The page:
Ravens' RB has proven what he can do

November 24, 2005|By DAVID GINSBURG

OWINGS MILLS, Md. - Perceiving his disappointing season to be the product of fewer carries, Jamal Lewis figures the Baltimore Ravens have decided to cut his playing time solely to take a hard look at backup Chester Taylor.

Lewis, who is averaging a meager 3.0 yards per carry, has been told that Taylor will receive more work over the final six weeks of the season. Lewis accepted the news with a shrug of the shoulders, mainly because he knows there's nothing he can about it.

"If he's getting more carries or if he's getting more time, it doesn't bother me because I've proven what I can do," Lewis said Wednesday. "The only thing that does is just keep me fresher and keep me going."

Taylor ran 19 times for 59 yards and caught four passes for 26 yards in Sunday's 16-13 overtime win over Pittsburgh. Lewis received only three carries after halftime and finished with 28 yards.


Lewis ran for 2,066 yards in 2003 and topped the 1,000-yard mark last year despite missing four games. This season, however, he has yet to have a 100-game game and is on course to finish with 813 yards.

The punishing running back is averaging 17 carries per game, down substantially from the 24 he averaged during his banner 2003 season. That, he says, goes a long way toward explaining his frustrating year.

"(In 2003) we did whatever we could do to get this thing going. It was put the ball in my hands 20-25 times a game and get it rolling," he said. "Now it's not like that. It's out of my control. There's nothing I can about it."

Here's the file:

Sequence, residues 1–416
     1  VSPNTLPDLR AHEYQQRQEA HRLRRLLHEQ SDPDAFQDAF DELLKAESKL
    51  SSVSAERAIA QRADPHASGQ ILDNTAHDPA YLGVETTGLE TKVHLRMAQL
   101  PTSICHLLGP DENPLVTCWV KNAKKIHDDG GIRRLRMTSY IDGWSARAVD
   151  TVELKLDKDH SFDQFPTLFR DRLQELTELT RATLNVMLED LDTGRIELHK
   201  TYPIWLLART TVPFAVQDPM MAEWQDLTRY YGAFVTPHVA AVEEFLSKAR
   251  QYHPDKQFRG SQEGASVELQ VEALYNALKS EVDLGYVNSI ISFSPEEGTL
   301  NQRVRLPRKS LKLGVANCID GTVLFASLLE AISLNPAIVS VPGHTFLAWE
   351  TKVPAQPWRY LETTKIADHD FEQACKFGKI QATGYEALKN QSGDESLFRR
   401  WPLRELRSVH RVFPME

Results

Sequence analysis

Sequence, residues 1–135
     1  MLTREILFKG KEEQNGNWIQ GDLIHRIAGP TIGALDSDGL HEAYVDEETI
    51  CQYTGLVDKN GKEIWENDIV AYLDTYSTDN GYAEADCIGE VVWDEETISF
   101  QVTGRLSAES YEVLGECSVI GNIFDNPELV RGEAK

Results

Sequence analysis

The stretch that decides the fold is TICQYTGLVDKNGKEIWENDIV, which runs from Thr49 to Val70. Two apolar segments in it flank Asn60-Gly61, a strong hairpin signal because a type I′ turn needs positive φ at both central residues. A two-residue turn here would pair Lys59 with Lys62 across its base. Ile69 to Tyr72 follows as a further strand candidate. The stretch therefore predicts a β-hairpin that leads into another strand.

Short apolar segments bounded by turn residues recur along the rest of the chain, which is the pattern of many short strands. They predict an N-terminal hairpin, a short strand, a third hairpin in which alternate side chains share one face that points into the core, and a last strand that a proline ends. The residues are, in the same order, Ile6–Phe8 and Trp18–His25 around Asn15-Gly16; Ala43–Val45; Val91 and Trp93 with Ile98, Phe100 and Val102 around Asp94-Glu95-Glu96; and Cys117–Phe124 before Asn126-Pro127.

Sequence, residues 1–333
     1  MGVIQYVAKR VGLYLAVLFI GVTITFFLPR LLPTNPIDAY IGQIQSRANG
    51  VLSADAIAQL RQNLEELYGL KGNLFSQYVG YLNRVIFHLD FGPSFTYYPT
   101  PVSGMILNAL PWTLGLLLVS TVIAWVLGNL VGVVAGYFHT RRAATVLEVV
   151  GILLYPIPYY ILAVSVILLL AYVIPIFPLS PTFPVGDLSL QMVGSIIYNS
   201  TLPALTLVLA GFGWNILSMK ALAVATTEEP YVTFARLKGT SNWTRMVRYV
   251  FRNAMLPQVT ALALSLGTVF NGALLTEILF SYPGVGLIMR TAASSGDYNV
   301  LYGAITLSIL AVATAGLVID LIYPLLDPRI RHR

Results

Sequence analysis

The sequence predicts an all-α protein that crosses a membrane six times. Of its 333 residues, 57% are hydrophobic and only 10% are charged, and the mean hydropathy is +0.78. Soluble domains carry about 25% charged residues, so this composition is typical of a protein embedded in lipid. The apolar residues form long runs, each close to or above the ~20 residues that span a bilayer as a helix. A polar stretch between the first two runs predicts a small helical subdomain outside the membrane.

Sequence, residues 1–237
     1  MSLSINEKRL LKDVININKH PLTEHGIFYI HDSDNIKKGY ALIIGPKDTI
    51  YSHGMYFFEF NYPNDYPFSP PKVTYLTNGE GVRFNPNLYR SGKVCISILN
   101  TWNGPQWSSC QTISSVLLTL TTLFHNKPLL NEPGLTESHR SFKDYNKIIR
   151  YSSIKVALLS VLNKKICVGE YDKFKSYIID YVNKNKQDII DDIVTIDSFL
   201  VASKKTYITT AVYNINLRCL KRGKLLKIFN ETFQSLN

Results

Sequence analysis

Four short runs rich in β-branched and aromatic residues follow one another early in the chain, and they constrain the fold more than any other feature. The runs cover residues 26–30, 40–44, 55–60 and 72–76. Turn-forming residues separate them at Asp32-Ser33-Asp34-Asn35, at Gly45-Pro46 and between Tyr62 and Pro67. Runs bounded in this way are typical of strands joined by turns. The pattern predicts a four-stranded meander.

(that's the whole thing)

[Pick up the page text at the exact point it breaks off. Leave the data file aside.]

Lewis and Taylor become unrestricted free agents after this season, and each player's performance over the final six games could go a long way toward determining the direction the Ravens decide to go during the offseason.

"I've proven what I can do, I know what I can do, people know what I can do, everybody around knows what I can do," Lewis said. "That's all that matters.

"This is not a let's see what Jamal Lewis can do thing," he continued. "They know what I can do. Really, I see it as more of a Chester Taylor evaluation, to see what he can do and see if he can carry the load. That's just how I see it."

His view, however, doesn't match that of coach Brian Billick, who intends to use Taylor more in the hopes of improving a running game that ranks 22nd in the 32-team league.

"I have no doubt that Chester can be an every-down back. That is not part of my thought process right now," Billick said earlier in the week.

There is, however, some question whether Lewis' best years are behind him. Lewis believes he would be more productive if given more opportunity to run, but he hasn't gotten the chance because the Ravens (3-7) have fallen behind early and been forced to abandon the running game.

The Herald-Mail Articles